This is part four in a series of posts exploring Istio, a popular service mesh available for Kubernetes. In this post, I'll look at what a ServiceEntry resource is and where it fits in this stack.
- The Sample application.
- The VirtualService resource.
- The DestinationRule resource.
- The ServiceEntry resource.
- The Gateway resource.
In order to make a network request, the destination host must be part of the Istio service registry. By default, any Service resource in a Kubernetes cluster is part of the service registry, but external URLs are not. To expose external network applications to Istio, we use the ServiceEntry resource.
In this post, we’ll add a ServiceEntry resource to the Kubernetes cluster in order to direct our
proxy application to an external resource.
Redirecting internal requests to external resources
To demonstrate the ServiceEntry resource, we’ll direct the requests to
http://webserver from the
proxy to https://raw.githubusercontent.com/mcasperson/NodejsProxy/master/externalservice1.txt. This is a plain text file containing the text
External Service 1 that is hosted by GitHub. We’re using this text file to simulate an external API endpoint.
The first step is to expose the host
raw.githubusercontent.com to the Istio service registry, which is achieved with a ServiceEntry resource.
In the YAML below we expose the host
raw.githubusercontent.com, identified as being external to the Istio mesh via the
MESH_EXTERNAL property, accepting HTTPS traffic on the standard port of 443, and resolved to an IP address using the DNS server available inside the Kubernetes cluster with the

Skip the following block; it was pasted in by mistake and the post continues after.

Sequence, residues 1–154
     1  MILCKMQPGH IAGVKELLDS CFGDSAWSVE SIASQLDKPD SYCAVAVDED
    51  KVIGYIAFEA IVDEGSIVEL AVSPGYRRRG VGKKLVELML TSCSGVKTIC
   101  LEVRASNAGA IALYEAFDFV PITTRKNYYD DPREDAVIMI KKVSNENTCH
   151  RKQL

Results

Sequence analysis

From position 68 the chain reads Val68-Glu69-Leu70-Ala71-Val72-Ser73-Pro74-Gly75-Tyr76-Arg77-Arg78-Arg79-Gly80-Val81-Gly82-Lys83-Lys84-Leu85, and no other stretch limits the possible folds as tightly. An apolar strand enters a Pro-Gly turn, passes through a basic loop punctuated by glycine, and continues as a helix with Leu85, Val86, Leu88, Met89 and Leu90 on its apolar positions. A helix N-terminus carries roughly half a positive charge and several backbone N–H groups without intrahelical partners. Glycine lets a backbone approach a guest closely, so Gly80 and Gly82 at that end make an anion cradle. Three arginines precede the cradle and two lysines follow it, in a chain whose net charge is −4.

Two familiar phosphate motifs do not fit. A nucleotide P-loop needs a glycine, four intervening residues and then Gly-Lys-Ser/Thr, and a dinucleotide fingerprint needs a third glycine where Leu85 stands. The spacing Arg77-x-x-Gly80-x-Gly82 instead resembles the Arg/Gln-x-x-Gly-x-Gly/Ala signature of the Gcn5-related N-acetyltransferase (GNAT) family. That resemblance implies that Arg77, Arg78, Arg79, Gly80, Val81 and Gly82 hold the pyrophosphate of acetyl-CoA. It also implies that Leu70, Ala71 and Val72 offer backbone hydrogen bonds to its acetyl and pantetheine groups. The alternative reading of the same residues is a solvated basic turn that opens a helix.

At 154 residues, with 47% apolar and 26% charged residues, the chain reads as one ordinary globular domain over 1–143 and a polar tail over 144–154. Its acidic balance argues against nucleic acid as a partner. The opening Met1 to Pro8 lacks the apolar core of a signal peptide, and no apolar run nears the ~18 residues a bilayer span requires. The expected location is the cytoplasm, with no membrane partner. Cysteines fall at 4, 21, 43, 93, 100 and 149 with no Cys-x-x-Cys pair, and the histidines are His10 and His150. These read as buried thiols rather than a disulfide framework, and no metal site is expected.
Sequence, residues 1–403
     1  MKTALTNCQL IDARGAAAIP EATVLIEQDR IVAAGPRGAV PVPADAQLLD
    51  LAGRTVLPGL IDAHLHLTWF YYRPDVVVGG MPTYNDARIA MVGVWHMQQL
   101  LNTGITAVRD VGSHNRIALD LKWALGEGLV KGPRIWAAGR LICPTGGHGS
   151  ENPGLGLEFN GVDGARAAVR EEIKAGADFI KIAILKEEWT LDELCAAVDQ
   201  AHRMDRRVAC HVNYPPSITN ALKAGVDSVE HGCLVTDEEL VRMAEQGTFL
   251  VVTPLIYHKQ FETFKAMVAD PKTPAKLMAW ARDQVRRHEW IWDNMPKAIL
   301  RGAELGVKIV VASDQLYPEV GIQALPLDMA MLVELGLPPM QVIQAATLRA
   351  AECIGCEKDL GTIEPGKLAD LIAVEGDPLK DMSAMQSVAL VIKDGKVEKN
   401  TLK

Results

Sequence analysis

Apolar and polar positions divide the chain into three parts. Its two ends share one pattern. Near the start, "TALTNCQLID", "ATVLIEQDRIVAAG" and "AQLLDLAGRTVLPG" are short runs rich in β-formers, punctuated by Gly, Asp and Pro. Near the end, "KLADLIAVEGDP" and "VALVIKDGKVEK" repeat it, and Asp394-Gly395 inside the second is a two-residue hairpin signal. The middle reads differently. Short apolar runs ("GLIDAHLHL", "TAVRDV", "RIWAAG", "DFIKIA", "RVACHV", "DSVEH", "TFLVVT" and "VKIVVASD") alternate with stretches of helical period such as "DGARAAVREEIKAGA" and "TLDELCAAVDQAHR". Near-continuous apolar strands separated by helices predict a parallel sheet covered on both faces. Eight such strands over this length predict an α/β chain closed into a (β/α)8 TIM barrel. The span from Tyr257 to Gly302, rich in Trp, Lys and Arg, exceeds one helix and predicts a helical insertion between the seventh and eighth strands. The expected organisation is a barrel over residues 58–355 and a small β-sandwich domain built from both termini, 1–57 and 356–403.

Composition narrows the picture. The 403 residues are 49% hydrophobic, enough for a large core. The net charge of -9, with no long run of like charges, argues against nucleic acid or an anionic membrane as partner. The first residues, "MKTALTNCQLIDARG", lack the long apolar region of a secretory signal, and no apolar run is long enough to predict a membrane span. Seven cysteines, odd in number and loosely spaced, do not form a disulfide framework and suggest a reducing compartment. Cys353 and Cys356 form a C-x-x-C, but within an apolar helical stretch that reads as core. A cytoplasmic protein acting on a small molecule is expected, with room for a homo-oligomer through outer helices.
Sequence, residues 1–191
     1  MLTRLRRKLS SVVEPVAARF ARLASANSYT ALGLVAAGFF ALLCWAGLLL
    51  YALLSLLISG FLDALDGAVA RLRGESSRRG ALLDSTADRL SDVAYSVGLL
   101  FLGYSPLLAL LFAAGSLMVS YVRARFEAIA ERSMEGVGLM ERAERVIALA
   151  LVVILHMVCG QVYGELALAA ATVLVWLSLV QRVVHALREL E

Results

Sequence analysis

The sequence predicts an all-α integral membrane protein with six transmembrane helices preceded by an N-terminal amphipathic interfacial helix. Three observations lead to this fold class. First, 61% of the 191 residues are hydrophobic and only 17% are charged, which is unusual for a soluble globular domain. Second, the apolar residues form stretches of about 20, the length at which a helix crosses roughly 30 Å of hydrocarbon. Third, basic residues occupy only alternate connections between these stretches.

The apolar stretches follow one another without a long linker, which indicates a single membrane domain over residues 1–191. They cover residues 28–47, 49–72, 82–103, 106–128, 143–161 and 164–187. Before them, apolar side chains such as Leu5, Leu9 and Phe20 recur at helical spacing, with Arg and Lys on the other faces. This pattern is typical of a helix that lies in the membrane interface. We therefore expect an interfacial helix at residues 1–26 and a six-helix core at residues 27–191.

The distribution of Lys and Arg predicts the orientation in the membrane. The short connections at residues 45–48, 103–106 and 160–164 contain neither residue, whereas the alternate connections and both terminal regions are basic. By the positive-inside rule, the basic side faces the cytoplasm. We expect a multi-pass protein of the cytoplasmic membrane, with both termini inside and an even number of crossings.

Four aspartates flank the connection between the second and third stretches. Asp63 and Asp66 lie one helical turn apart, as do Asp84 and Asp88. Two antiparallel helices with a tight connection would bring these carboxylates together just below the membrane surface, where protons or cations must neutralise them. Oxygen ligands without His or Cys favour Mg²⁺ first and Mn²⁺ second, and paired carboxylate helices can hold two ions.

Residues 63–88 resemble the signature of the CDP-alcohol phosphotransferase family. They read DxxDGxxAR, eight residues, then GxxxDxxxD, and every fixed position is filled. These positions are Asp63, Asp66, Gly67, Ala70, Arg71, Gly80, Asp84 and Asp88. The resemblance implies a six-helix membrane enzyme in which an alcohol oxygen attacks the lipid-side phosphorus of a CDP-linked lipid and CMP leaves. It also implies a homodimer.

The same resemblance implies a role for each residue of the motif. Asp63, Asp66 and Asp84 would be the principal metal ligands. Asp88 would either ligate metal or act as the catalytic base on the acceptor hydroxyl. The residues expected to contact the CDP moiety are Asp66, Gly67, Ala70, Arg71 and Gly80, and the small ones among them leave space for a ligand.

apiVersion: networking.istio.io/v1alpha3 kind: ServiceEntry metadata: name: github spec: hosts: - "raw.githubusercontent.com" location: MESH_EXTERNAL ports: - number: 443 name: https protocol: TLS resolution: DNS
With the external service now part of the Istio service registry, we need to direct traffic to it. This is achieved with the VirtualService resource.
As before, we are matching requests to the
webserver host and using the rewriting functionality to route the request to another location. However, unlike the previous blogs, we are rewriting the traffic to point to an external location.
It is important to set the
authority to the same value as the
destination.host, because a large number of external services expect the HOST header in the HTTP request to be defined correctly. Failure to set the
authority field can lead to odd 404 errors.
apiVersion: networking.istio.io/v1alpha3 kind: VirtualService metadata: name: webserver spec: hosts: - webserver http: - match: - uri: regex: ".*" rewrite: uri: "/mcasperson/NodejsProxy/master/externalservice1.txt" authority: raw.githubusercontent.com route: - destination: host: raw.githubusercontent.com port: number: 443
Because we have redirected a HTTP call to an internal Service resource to a HTTPS external location, we need to configure a DestinationRule resource to act as a TLS client. In the YAML below, we have configured the DestinationRule resource to
SIMPLE TLS mode, which indicates that requests to the host should be conducted over a TLS connection:
apiVersion: networking.istio.io/v1alpha3 kind: DestinationRule metadata: name: github spec: host: "raw.githubusercontent.com" trafficPolicy: tls: mode: SIMPLE
With this combination of ServiceEntry, VirtualService, and DestinationRule resources, we have pointed our
proxy application out to the text file hosted by GitHub:
Internal requests are now directed to an external host.
Here is the architecture diagram showing the ExternalService resource and the new flow of requests to the external resources.
The architecture diagram with the ServiceEntry resource (in purple).
Istio requires that any external resources contacted by internal applications be exposed as part of the service registry. In this post, we exposed a text file hosted by GitHub via a ServiceEntry resource, directed traffic to it via a VirtualService resource, and configured the TLS settings required to access the HTTPS site via a DestinationRule resource. The end result is that our sample application made requests to the external location without having to modify any code.
In the next post we will look at the Gateway resource, and how it is used to direct external traffic into the cluster.